Out the front disappeared a determined Morgana, and Ariana impulsively followed, curiosity guiding her steps. She kept a safe distance as she tracked her sister, and she did well for a while until she was so intent on Morgana that she nearly ran straight into the path of a car. A horn resounded in her ears, and she jerked to the side with an outstretched arm, expecting another semi truck to be barreling down on her. Instead it was a black Aston Martin, behind which was an older mallard with bushy black eyebrows. He was glaring at her impatiently, his fingers tapping on the steering wheel. She swallowed her pounding heart and inched backward out of the street. The luxury sedan roared around the corner as soon as she was out of the way, and it wasn’t until she’d taken a couple of deep breaths that she remembered Morgana. Her gray eyes panned the sidewalks anxiously, but there was no sign of her sibling, and to make matters worse, Ariana once again found herself lost.

She knew there was always the location spell, but Ariana hesitated to use it, mainly because she would be using magic in a public area. After what had happened recently, she wasn’t so sure using her abilities would be wise, even in private.

The debate with herself was cut short when a horrible noise ripped through the air. It sounded like an encumbered street sweeper grating across chainmail. Somebody was snoring.

She couldn’t help it. She had to know where that sound was coming from, and who in the world could snore that loudly. As she headed in the direction of the noise, it seemed to grow louder the farther south she went, toward the center of the city. It went on for at least ten minutes before it abruptly halted, along with Ariana. She tilted her head from side to side, listening intently, but the sound had ceased. There were no residences or apartments near where she was standing, only businesses, and briefly she wondered if someone was spending the night under their desk. She didn’t have long to think about it, though, because minutes later she was showered in beautiful sparkling gold powder that was falling from the sky like pixie dust. As she gazed upward, the tiny flakes of light landed gently on her face, and she admired them with wondrous delight. It was like magical rain tickling her feathers; she couldn’t help but laugh.

Suddenly she began to feel exhausted. The more the golden grains landed on her, the more drained she felt. Her eyelids weighed a thousand pounds, and the yawn she gave stretched her bill so wide she resembled a Hamburger Hippo. Luckily for her there was a staircase nearby so that when her knees buckled she sank harmlessly onto one of the steps and drifted to sleep.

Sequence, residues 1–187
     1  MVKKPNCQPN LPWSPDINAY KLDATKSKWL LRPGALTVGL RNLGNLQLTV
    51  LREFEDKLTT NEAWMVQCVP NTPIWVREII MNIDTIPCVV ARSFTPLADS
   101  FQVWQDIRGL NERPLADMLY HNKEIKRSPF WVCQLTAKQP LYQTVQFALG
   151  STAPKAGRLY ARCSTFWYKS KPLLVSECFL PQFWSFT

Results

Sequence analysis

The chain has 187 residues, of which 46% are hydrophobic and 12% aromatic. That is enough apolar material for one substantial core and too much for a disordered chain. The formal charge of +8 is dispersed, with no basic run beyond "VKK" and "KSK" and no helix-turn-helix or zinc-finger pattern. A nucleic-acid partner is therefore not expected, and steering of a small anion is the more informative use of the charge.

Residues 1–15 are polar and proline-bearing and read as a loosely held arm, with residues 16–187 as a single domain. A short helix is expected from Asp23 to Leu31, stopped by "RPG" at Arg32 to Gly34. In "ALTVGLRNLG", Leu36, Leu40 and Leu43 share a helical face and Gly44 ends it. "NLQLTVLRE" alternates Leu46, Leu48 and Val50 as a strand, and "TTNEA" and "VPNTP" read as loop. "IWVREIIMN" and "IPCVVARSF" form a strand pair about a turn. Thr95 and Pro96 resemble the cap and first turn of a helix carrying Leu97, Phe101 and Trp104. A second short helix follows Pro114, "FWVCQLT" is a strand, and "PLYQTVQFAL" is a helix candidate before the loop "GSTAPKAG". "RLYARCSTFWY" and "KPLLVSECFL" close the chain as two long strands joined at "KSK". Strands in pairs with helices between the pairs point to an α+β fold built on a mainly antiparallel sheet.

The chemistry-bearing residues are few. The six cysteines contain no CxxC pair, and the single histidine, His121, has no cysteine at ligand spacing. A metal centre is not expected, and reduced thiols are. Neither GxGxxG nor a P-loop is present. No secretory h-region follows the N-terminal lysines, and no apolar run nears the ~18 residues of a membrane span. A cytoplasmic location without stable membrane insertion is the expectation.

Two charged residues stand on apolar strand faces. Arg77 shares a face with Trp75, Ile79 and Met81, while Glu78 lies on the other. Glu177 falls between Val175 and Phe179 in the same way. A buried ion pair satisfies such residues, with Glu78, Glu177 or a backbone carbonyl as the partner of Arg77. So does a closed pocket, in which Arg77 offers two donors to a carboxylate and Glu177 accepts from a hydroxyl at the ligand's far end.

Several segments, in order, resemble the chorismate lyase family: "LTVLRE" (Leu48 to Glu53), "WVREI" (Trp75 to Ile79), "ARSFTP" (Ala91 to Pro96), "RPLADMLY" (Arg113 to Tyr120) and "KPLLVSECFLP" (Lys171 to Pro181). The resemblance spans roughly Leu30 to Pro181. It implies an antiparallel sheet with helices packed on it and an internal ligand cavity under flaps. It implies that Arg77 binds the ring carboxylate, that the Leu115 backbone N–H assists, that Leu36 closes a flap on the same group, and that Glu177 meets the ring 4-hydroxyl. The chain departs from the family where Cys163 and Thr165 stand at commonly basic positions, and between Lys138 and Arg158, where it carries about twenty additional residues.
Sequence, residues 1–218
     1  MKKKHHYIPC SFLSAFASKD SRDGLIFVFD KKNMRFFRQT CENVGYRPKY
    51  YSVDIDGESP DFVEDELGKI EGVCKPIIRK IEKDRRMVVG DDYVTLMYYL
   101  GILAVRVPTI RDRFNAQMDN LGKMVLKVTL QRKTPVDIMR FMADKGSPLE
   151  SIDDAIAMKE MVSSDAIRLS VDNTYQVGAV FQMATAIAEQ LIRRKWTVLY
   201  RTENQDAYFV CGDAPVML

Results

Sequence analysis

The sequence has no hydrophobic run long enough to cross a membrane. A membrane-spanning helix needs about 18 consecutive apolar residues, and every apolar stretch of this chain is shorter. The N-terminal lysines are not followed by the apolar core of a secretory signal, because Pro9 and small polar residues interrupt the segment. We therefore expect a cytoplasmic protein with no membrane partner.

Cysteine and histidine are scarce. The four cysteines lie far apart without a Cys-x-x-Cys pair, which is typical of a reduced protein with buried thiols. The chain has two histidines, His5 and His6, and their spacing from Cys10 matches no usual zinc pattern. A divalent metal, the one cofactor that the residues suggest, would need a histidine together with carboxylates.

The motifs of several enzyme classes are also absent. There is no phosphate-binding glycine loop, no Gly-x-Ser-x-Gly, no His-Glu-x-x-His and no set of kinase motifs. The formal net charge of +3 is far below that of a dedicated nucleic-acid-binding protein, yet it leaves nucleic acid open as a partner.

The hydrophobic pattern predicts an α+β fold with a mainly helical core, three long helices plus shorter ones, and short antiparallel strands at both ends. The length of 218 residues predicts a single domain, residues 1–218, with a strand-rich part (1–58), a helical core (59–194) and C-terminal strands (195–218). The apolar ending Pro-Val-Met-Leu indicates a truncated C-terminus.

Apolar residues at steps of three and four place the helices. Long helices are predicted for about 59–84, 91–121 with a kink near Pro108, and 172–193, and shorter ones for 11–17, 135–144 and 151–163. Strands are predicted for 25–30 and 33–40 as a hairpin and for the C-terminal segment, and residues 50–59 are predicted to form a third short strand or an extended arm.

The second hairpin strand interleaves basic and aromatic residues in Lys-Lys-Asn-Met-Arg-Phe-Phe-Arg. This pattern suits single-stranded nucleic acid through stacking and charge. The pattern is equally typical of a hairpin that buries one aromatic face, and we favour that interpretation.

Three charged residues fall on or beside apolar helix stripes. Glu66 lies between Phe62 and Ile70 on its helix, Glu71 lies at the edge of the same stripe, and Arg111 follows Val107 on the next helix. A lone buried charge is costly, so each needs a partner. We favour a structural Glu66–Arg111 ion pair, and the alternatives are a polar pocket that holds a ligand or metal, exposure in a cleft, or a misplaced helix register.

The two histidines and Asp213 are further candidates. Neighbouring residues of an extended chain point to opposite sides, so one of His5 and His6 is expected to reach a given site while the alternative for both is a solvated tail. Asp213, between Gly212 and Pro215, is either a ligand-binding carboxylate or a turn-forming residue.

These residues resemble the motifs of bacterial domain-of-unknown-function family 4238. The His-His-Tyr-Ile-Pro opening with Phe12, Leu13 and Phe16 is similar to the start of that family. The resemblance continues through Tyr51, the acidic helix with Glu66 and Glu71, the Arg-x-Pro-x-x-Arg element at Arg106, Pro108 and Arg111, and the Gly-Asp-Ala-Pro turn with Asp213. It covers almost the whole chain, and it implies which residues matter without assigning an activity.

The bathroom was thankfully empty as she made her way into the nearest stall. Quietly she sat with her lunch tray in her lap, neurotically obsessing over the fact that she had had no one to sit with in the lunch room, and that nobody had offered her a seat while she had wandered the cafeteria looking for one.

It was her first day of school, and so far it hadn’t been good. The classes themselves weren’t going to be so bad, except for Algebraic Potion Formulas. It was the student body she was worried about. She wished she could have gone to the same school as Morgana, but the family had seemed so excited that she had been admitted here that she hadn’t dared to break their hearts and refuse.

Monsters, werewolves, vampires, zombies…an entire campus full of dark creatures, and yet she felt so out of place. She longed to return home where at least there were familiar faces, but she wouldn’t be able to do that until the autumn solstice. Silent tears fell into her spider leg soufflé, but she didn’t care. It had needed salt anyway.

When she finished her solitary lunch, she left the empty tray sitting near the trash can and made sure her face was free of any traces of tears before she made her way out into the hallway. It was lined with students, and as she walked past them, they all began to taunt and jeer at her, their faces twisted with scorn and contempt as they threw trash at her. She tried to run back into the restroom, but they had the door blocked. Instead, she turned and raced down the hall, trying to drown out their insults by plastering her hands against her ears, but their voices only seemed to grow louder. In desperation she sealed her eyelids shut.